The debate over Harry and Meghan's push for greater independence from royal life is uncannily like the Brexit debate, with young liberals favouring the couple and older conservatives backing the queen.
It started with the catchword "Megxit," a tabloid editor's clever play on Brexit, published in The Sun soon after Prince Harry and his wife, Meghan, announced their plans to leave Britain and live in North America part of the year.
It continued with corny jokes that Buckingham Palace is seeking a "Super Canada-plus" agreement for the Canada-bound couple, an allusion to the sweetheart trade deal Britain would like to strike with the European Union when it leaves the bloc.
And now, as the royal family races to hammer out an agreement with the couple to put the unpleasant affair behind it, commentators are comparing the royal couple's impending breakup with Britain to Prime Minister Boris Johnson's election-year promise to "Get Brexit done."
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Stoked by a zealous news media and consumed by a divided, enthralled public, the Harry-and-Meghan saga is playing out uncannily like the long-running debate over Brexit — only a whole lot juicier.
With the storms over Brexit temporarily calmed by Johnson's victory but the underlying economic and social issues far from resolved, the royals have become a convenient proxy, allowing people to argue about race, class, gender and British identity, through the travails of a single star-crossed couple.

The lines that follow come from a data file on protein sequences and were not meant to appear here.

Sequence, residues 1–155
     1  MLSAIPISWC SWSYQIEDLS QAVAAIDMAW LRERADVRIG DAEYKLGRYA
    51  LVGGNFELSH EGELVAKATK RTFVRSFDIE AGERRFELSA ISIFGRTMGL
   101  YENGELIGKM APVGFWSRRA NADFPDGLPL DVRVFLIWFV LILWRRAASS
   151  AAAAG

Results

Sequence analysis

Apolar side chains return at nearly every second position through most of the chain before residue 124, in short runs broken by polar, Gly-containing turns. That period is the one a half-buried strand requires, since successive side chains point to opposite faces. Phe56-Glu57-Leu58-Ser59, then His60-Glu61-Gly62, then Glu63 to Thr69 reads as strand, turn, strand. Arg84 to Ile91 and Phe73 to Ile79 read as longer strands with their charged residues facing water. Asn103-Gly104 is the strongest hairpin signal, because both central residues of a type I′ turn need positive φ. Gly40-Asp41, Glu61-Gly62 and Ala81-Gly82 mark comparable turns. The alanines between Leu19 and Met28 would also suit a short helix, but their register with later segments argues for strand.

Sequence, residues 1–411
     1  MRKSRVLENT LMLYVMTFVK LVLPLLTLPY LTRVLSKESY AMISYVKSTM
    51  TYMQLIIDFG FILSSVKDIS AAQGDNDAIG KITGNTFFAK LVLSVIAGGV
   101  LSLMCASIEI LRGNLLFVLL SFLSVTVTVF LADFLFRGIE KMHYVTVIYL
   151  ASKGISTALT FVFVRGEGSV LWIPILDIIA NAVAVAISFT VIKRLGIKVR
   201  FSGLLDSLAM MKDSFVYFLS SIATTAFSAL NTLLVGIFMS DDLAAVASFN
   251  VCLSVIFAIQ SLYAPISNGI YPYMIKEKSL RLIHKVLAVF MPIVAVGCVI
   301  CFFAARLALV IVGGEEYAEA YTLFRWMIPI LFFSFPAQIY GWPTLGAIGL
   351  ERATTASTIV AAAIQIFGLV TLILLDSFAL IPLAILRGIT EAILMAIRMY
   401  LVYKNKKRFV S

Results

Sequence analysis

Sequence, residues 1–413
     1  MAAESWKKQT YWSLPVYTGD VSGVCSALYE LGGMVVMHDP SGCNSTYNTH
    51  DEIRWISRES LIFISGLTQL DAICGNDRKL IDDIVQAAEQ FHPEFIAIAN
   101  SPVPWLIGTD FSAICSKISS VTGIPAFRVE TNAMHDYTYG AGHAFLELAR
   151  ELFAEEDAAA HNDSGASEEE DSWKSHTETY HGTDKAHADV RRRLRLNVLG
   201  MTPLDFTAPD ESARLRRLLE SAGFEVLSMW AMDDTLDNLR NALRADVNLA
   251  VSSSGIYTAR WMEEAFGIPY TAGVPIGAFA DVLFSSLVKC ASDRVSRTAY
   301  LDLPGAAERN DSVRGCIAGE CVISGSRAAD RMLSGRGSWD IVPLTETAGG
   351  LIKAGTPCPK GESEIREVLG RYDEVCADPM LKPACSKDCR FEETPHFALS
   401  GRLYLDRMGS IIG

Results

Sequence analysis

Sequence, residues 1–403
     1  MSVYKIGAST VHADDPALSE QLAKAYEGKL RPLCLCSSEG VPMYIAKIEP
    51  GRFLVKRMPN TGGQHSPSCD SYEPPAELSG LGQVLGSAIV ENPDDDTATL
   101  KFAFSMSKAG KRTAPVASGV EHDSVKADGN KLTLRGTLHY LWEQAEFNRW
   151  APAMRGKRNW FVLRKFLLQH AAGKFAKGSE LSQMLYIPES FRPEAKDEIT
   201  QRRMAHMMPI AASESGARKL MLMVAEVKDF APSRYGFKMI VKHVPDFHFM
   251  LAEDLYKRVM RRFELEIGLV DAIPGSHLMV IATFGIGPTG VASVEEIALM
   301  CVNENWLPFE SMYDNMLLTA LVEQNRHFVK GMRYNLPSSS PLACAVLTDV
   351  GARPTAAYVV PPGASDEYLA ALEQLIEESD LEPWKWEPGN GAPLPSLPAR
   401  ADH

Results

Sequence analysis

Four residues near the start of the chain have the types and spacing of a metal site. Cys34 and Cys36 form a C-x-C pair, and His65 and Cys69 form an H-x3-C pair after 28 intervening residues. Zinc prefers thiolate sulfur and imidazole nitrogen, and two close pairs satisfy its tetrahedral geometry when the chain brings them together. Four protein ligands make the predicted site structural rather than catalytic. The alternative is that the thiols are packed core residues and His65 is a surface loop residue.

"With Brexit, Britain is choosing to leave the European Union," said Meera Selva, director of the Reuters Journalism Fellowship Program at Oxford University, "and yet with Megxit, there is this outrage that someone is choosing to leave Britain."
"He's leaving because he's doesn't like what he sees in Britain," she added, referring to Harry. "That's a message the British don't want to hear right now."
As the Harry-and-Meghan drama unfolds in breathless headlines and acres of news commentary, it is resurfacing the same questions that animated the Brexit debate. What kind of society do the British want: open or closed, cosmopolitan or nationalist, progressive or traditional?
The debate, as with Brexit, breaks along political and generational fault lines. Young people and liberals, many of whom voted to stay in the European Union, tend to be more sympathetic to the prince and his American wife. Older, more conservative people, a majority of whom voted to leave, tend to be more critical of the couple and defensive of Queen Elizabeth II.
Where Harry and Meghan's defenders see a multiracial, trans-Atlantic family seeking refuge from a vindictive press and the hidebound traditions of royal life, critics see a self-indulgent pair who want the perks of royalty without its responsibilities, forsaking queen and country for the stardust of Hollywood.
The critics are particularly hard on the Duchess of Sussex, as Meghan is formally known. A divorced former TV actress from a mixed-race background, Meghan Markle met Harry through mutual friends in London in July 2016, a month after Britain voted to leave the European Union. Their romance unfolded against the backdrop of a charged debate over immigration and the country's national identity.
"Meghan Markle represented change because of her racial heritage but also because of her feminism, her activism, and the fact that she is self-made, with strong ideas about her autonomy and identity," said Afua Hirsch, who teaches journalism at the University of Southern California and is the author of "Brit(ish): On Race, Identity and Belonging."